S&P Sees No Major Short-Term Issue That Would Affect South Korea’s Rating

September 14, 2017, 7:35 AM UTC
Views from the Odusan Unification Observatory and Imjingak Pavilion
A military police (MP) character sits at the Imjingak pavilion near the Demilitarized Zone (DMZ) in Paju, South Korea, on Wednesday, Sept. 6, 2017. South Korean President Moon Jae-in sought to find common ground with Russian counterpart Vladimir Putin to prevent the situation on the Korean peninsula from spinning out of control. Photographer: SeongJoon Cho/Bloomberg via Getty Images
SeongJoon Cho/Bloomberg via Getty Images

(SEOUL) — Credit ratings agency Standard & Poor’s said on Thursday that it sees no major short-term issues that could lead to rating actions for South Korea, with a war unlikely on the Korean peninsula despite rising geopolitical tensions.

“We don’t believe a war is likely to break out,” credit analyst Kim Eng Tan said, responding to a question at a Seoul press conference on the impact of North Korean risks on the economy.

Even with the heightened tensions, the ratings agency did not see any short-term issues that could alter its current AA ratings, its third highest grade as a sovereign rating, Tan said.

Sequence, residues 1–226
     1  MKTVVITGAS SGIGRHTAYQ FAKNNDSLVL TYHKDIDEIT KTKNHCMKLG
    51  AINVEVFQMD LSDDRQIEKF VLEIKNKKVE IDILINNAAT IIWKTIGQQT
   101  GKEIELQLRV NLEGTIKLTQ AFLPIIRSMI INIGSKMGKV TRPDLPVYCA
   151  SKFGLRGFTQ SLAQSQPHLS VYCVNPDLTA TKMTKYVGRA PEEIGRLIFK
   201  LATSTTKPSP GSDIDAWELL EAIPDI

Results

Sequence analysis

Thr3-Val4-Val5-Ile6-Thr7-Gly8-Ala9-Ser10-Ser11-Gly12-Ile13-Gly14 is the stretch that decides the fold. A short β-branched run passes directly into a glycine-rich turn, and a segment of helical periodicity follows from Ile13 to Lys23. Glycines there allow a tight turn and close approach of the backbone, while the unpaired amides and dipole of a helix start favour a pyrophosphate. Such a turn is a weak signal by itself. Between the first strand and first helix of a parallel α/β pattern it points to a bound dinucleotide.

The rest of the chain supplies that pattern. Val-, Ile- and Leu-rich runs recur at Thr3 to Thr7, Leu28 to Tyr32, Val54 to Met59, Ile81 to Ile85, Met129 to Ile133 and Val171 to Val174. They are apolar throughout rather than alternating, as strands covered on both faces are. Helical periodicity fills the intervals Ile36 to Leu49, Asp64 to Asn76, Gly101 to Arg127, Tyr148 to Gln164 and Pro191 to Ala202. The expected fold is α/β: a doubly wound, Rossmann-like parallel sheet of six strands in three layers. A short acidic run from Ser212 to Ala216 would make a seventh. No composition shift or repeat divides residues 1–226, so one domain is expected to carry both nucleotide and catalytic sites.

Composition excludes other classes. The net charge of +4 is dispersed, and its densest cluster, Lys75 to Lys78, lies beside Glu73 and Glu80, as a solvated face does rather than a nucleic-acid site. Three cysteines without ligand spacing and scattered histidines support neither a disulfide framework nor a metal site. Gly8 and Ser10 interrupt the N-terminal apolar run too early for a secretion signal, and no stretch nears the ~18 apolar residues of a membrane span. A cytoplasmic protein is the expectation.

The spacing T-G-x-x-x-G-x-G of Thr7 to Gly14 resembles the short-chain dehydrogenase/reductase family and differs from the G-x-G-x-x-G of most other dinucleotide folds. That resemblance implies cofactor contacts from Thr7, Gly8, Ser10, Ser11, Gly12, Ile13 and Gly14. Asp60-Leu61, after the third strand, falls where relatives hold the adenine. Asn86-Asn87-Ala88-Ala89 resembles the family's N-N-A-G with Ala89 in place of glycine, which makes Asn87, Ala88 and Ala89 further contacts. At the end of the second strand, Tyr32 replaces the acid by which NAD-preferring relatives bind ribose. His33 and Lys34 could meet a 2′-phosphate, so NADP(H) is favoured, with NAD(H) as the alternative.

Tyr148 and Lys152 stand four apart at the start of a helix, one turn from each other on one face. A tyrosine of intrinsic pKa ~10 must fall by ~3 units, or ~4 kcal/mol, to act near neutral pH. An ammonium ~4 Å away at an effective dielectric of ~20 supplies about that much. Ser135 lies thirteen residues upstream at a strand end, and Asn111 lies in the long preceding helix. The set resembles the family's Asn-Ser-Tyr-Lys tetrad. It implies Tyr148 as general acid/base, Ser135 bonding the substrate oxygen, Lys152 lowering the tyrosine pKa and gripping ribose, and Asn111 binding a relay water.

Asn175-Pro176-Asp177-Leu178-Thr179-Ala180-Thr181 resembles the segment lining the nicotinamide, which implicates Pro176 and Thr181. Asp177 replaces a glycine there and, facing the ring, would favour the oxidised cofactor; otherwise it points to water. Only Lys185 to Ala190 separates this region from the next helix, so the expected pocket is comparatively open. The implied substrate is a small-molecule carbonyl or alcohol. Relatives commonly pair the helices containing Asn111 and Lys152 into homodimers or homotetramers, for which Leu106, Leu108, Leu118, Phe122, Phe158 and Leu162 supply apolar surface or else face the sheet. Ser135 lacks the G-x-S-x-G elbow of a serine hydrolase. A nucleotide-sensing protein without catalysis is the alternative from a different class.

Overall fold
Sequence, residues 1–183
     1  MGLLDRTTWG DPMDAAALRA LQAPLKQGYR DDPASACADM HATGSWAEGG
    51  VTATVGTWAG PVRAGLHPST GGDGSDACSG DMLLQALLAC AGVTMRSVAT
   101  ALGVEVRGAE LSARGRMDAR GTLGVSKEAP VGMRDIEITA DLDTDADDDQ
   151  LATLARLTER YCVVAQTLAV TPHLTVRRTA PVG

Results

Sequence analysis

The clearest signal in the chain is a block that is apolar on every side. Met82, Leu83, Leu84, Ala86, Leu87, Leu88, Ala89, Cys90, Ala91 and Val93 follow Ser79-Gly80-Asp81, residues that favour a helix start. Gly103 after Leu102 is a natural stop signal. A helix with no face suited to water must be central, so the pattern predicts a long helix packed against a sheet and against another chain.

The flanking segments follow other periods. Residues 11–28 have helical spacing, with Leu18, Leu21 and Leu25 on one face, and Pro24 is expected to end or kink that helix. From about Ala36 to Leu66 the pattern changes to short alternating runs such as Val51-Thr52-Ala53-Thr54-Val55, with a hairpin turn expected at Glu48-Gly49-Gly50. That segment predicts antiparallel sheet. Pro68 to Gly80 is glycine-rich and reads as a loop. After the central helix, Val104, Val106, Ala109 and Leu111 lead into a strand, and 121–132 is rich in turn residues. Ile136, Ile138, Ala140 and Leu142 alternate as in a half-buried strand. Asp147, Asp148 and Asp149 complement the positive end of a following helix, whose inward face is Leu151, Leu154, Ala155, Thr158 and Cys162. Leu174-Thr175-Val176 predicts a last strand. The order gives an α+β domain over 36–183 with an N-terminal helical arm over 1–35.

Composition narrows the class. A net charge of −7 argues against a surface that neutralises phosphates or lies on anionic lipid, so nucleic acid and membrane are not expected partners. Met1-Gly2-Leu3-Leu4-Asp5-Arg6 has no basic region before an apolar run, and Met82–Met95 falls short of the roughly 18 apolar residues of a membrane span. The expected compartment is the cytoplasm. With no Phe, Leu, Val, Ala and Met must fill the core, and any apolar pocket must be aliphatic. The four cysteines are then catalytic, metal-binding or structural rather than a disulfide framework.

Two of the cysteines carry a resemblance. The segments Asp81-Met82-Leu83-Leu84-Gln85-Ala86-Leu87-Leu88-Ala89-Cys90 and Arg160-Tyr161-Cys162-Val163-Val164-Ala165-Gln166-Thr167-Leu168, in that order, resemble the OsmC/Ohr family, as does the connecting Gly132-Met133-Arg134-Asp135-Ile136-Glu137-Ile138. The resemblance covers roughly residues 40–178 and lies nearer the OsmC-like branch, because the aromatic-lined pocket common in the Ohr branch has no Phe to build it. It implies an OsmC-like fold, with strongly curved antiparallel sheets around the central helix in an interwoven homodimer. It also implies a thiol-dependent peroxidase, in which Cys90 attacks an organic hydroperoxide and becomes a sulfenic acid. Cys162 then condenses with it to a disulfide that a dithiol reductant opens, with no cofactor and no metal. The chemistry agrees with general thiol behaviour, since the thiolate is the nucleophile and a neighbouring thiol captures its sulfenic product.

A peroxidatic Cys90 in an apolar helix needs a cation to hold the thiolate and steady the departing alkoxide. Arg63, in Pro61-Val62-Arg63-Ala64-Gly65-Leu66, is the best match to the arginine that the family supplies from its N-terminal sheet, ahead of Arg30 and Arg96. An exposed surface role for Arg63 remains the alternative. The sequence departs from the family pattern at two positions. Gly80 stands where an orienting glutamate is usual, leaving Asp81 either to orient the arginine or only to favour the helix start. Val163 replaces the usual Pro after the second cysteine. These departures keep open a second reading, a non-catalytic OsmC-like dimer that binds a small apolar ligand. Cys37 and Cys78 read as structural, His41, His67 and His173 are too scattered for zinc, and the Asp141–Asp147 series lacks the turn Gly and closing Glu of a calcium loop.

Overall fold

The risk of an armed conflict in Korea was low even in the event of more North Korean provocations, he added.

For more on the Korean Peninsula, see Fortune’s video:

The rating agency in August affirmed Asia’s fourth largest economy at AA with a stable outlook, citing no change in its view that North Korean risks will not escalate over the next two years beyond what has been observed in the past few years.

The agency’s rating puts South Korea on par with the UK and Belgium, and a notch above China and Taiwan.

The chance of a major trade conflict between the United States and China is also low, Tan said, as both countries would have a lot to lose.

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